Billy Bulger was elected out of his senate district in South Boston to the Massachusetts Senate in 1970, ten years after he had been elected to the House of Representatives. In 1978 he became president of the Massachusetts Senate in which capacity he served until 1999, a total of over 17 years. Governor Michael Dukakis said of him: “There has never been any question about the integrity of the Senate since he has been president.”
I came upon an article in 1987 in the Boston Globe. A James Higgins from Vineyard Haven wrote to the Globe complaining about Billy being mentioned in an article about an incident between Whitey and some security people at Logan Airport. He said, “I just don’t see why it was necessary to mention Billy Bulger as Whitey’s brother in the article. I don’t see the relevancy. Sen. Bulger isn’t responsible for his brother, and in this case, his brother isn’t even charged with anything.”
The Globe Ombudsman Robert L. Kierstead responded to the letter in a column. The story was written on September 23, 1987, by Kevin Cullen, who just wrote a book about Whitey. Kierstead said: “The initial story . . . ran on the front page under the headline “Question: Just What was Whitey up to?”
On September 28, 1987 Cullen wrote a second story in the third paragraph he said, “Aside from the fact that he is the brother of Senate President William Bulger, what has distinguished James J. (Whitey) Bulger from the other local men whose first name is always preceded by the word “reputed” is his ability to avoid brushes with the law.” The Ombudsman questioned the appropriateness of repeating Billy’s name in the second story.
The Ombudsman wrote, “Checking back in Globe files, I found that stories about the Bulger brothers rarely connected them. The Senate president’s relationship was never used in the frequent references to Whitey Bulger’s association to the Angiulos during the long trial of underworld boss Gennaro Angiulo and several of his cohorts, nor should it have been.”
The Ombudman mentioned a couple of other times when Billy’s name had been mentioned in connection with Whitey’s, one being in 1979 in a long Globe magazine story where the Ombudman cited one paragraph that read: “Billy Bulger’s friends won’t talk about Whitey for the record. ‘In the first place, I don’t know anything about Whitey Bulger,’ said one close political and personal associate. ‘In the second place, I don’t see what Whitey had done or has not done has anything to do with Billy.”
The Ombudsman concluded: “Whitey Bulger has to be a cross for William Bulger and his family to bear. In addition, because of the Senate president’s disdain for the media, and his aloofness and perceived arrogance, he leaves himself open to being embarrassed by the press because of his brother, sometimes unfairly.”
“The use of their relationship must be valid. As the Globe’s in-house Glass House Views states in such cases, “We should presume the relationship is unnecessary in a story unless there is a strong reason to include it.” This includes the Bulger.”
This article by the Ombudsman is telling. Billy had been in office 27 years at the time it was written. He had been Senate president for almost 10. There’s not a hint that there is some untoward connection between him and Whitey nor the slightest suggestion he has done anything inappropriate.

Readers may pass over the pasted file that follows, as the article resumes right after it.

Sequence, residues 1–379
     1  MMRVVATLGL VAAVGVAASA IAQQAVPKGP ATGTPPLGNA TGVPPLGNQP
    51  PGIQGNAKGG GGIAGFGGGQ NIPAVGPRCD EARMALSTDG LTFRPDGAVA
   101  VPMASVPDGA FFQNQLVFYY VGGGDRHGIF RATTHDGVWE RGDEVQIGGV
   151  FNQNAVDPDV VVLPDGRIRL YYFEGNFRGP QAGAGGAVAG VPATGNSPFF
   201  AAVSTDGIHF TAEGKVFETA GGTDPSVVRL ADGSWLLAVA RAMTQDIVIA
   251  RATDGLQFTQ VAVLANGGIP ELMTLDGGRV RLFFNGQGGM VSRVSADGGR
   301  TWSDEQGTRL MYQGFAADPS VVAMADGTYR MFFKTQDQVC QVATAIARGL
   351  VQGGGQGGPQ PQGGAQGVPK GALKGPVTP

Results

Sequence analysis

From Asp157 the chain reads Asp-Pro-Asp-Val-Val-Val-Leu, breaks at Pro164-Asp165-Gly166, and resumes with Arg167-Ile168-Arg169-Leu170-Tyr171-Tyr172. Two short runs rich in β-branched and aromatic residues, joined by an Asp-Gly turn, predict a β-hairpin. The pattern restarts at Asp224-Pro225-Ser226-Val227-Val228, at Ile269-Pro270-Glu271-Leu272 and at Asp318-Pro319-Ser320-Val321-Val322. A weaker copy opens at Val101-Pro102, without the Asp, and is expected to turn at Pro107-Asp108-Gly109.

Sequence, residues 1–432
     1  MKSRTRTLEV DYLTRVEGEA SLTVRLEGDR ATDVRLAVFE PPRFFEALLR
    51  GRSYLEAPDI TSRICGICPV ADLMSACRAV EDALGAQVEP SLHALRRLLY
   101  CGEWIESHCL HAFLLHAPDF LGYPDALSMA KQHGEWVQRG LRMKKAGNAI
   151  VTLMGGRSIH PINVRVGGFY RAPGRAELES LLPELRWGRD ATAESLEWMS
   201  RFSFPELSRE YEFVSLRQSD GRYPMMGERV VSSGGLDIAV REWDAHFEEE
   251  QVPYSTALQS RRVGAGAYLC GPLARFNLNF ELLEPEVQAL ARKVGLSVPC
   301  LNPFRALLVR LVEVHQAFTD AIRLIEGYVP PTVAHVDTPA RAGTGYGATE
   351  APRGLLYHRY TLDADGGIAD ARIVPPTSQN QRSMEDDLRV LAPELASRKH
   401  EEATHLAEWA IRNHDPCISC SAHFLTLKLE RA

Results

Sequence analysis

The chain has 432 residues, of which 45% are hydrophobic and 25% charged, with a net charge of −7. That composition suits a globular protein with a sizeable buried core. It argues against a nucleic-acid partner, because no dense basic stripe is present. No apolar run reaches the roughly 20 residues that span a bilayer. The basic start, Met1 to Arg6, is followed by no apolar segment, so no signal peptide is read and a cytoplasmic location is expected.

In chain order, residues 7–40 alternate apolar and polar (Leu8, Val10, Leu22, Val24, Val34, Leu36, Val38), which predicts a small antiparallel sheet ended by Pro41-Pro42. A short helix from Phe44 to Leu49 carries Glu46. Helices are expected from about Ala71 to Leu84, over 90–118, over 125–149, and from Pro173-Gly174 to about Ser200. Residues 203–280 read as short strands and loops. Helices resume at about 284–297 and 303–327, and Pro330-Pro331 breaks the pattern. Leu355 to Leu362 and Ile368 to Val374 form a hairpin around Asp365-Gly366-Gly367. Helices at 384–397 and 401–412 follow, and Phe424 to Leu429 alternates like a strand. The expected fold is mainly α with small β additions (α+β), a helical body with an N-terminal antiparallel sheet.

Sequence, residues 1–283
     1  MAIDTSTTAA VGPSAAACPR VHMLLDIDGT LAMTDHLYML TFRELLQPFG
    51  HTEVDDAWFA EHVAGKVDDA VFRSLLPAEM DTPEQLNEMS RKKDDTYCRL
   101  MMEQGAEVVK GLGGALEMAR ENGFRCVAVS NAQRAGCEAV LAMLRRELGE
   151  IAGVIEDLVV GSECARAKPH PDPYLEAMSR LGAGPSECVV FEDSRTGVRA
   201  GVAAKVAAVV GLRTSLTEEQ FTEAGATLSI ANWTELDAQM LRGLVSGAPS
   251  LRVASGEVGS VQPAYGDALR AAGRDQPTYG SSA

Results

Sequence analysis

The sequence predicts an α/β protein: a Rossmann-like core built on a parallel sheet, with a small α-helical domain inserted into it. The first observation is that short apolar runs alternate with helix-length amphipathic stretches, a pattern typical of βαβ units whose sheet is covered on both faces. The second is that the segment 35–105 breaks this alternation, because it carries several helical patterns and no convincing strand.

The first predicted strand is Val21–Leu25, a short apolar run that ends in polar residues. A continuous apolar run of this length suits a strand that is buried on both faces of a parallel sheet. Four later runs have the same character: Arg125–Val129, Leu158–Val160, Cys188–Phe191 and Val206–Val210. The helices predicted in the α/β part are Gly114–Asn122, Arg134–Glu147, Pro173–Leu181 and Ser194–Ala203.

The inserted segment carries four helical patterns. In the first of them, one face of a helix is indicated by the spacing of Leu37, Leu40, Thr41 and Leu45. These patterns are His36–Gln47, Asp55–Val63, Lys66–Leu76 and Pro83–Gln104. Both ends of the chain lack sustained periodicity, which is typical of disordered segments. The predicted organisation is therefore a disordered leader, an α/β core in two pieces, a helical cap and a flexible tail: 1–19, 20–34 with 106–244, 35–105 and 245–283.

I bring this up because it is nice to have a starting point. What then happened to the idea that there is no connection between Billy and Whitey to the point that in 2000 Lehr and O’Neill would title one of their chapters in their book Black Mass: Shades of Whitey and Howie Carr would write a book: The Brothers Bulger: How they Terrorized and Corrupted Boston For a Quarter Century.
The one incident that brought this about was the Globe’s attack on Billy over the involvement of his partner Thomas Finnerty in the 75 State Street matter. There would be nothing else ever mentioned that in any manner impugned his integrity. That attack, as I will show some when time permits, was malicious and unfair and told only half the story.
The 75 State Street matter brouhaha happened in 1988. It was thoroughly investigated under the glare and demand of the Globe by both state and federal prosecutors. Two US Attorneys and two state attorney generals found Billy to have done nothing corrupt. His reputation survived it. He was appointed U Mass president in 1996. He served there honorably until willful and wily reporters on the only two newspapers in town used the relationship with Whitey, which the Ombudsman deemed irrelevant and which could not be gainsaid, into a sledge hammer with which to beat Billy.
You know the rest of the story. Billy had no forum in which to defend himself. Those who should have stood up for him broke their swords and lowering crept away and left the field fearful of the press knowing that she with the pen has the last word. A Congressional Committee that set about to investigate the FBI having realized it bit off more than it could chew decided instead to investigate Billy. The man who would be president, looking to the future, decided it would be politically correct to follow the voice of the media. He forced Billy’s resignation from the presidency of the University of Massachusetts by threatening to appoint his open enemies to its board of trustees.